Redshirtsby John Scalzi
A Novel with Three Codas.
Locus Award 2013, Hugo Award 2013.
From the bestselling, award-winning author of Old Man’s War, a novel that answers the question: What happens when all the expendable ensigns on the exploring starship start comparing notes?
Ensign Andrew Dahl has just been assigned to the Universal Union Capital Ship Intrepid, flagship of the Universal Union since the year 2456. It’s a prestige posting, and Andrew is thrilled all the more to be assigned to the ship’s Xenobiology laboratory.
Life couldn’t be better... until Andrew begins to pick up on the fact that (1) every Away Mission involves some kind of lethal confrontation with alien forces, (2) the ship’s captain, its chief science officer, and the handsome Lieutenant Kerensky always survive these confrontations, and (3) at least one low-ranked crew member is, sadly, always killed.
Not surprisingly, a great deal of energy belowdecks is expended on avoiding, at all costs, being assigned to an Away Mission. Then Andrew stumbles on information that completely transforms his and his colleagues’ understanding of what the starship Intrepid really is... and offers them a crazy, high-risk chance to save their own lives.
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John Michael Scalzi II (born 1969) is an American science fiction author and online writer, and former president of the Science Fiction and Fantasy Writers of America. He is best known for his Old Man's War series, three novels of which have been nominated for the Hugo Award, and for his blog Whatever, at which he has written daily on a number of topics since 1998. He won the Hugo Award for Best Fanwriter in 2008 based predominantly on that blog, which he has also used for several prominent charity drives. His novel Redshirts won the 2013 Hugo Award for Best Novel. He has written non-fiction books and columns on diverse topics such as finance, video games, films, astronomy, and writing, and served as a creative consultant for the TV series Stargate Universe.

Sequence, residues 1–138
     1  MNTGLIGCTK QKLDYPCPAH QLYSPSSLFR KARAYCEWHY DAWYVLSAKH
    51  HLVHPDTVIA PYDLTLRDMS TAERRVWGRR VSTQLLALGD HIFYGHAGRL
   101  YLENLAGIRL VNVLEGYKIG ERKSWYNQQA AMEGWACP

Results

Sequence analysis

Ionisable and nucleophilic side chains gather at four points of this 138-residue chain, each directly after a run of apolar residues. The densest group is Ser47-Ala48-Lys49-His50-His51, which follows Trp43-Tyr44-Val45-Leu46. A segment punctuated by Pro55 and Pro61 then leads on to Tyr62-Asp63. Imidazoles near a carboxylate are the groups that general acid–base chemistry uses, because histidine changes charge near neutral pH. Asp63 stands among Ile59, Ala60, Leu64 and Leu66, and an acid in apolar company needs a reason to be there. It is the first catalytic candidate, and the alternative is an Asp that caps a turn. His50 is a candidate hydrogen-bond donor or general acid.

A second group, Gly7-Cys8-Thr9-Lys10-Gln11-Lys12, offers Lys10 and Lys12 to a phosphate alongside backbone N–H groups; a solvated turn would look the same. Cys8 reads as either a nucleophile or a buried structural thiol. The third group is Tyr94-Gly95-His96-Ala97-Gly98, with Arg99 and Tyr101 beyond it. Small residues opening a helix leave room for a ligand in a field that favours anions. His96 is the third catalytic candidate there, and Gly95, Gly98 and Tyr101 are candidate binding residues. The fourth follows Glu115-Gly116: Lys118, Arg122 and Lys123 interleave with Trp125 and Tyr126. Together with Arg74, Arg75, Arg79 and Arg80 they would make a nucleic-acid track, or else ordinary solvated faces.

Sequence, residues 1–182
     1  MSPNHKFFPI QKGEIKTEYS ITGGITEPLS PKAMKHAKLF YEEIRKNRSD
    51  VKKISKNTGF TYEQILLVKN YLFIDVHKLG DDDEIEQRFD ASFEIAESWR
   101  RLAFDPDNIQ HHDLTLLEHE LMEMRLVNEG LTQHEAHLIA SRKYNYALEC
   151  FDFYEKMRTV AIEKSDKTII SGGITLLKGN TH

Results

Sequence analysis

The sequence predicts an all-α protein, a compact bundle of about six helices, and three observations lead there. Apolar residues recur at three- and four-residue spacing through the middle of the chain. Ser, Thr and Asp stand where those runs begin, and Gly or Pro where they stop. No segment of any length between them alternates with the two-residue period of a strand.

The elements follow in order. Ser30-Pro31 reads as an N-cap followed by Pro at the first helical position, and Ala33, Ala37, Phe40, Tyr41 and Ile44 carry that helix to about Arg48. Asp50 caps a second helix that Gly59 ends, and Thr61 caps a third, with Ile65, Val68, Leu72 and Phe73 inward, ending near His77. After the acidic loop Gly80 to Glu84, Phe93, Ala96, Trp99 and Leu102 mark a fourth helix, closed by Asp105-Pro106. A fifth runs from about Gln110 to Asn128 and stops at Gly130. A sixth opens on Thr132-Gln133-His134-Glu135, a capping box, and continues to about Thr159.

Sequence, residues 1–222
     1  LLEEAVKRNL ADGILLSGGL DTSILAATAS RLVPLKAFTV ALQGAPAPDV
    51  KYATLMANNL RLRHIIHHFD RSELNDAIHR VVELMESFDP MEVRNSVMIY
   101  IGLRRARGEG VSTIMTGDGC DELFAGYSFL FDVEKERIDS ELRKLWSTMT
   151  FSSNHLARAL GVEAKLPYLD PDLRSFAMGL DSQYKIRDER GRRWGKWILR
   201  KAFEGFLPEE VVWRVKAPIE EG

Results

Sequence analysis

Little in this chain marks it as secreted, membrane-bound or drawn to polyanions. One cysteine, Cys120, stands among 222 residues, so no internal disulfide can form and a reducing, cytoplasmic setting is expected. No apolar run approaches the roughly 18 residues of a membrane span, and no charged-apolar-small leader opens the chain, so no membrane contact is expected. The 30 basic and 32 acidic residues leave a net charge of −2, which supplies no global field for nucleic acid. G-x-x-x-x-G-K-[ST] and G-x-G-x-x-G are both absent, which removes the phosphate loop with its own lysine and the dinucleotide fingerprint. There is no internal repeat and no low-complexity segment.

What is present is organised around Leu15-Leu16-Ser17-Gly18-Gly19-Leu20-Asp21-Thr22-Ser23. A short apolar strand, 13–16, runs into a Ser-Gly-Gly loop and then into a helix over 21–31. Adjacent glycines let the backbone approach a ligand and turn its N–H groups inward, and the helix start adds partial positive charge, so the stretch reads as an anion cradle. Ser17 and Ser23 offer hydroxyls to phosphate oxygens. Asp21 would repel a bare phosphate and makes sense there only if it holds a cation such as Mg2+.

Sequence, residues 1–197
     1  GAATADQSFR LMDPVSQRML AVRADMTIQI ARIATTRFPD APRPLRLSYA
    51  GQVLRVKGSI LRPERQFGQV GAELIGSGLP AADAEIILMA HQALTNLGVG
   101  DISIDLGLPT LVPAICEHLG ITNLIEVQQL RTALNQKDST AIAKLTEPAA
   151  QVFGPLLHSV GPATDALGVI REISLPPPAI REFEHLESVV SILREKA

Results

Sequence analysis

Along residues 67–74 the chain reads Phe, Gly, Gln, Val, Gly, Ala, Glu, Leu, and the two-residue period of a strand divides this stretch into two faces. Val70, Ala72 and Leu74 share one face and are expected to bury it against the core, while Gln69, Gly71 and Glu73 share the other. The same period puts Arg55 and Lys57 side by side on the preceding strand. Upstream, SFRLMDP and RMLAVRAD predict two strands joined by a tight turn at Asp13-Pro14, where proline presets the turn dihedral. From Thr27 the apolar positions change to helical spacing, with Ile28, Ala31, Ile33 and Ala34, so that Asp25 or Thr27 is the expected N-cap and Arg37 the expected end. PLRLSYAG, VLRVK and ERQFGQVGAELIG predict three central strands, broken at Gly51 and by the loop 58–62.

Community Reviews & Rates
This book won the Hugo? For some reason, I expect books that win prizes like that to be something mindblowing. Guess what: this wasn't. Hannu Rajaniemi's book was, for example, even if I only understood half of it. So this was something of a funny adventure / metastory, somewhat likable characters, easy to read, but I didn't find it to be anything special. Old man's war had ideas and it was a better book imho.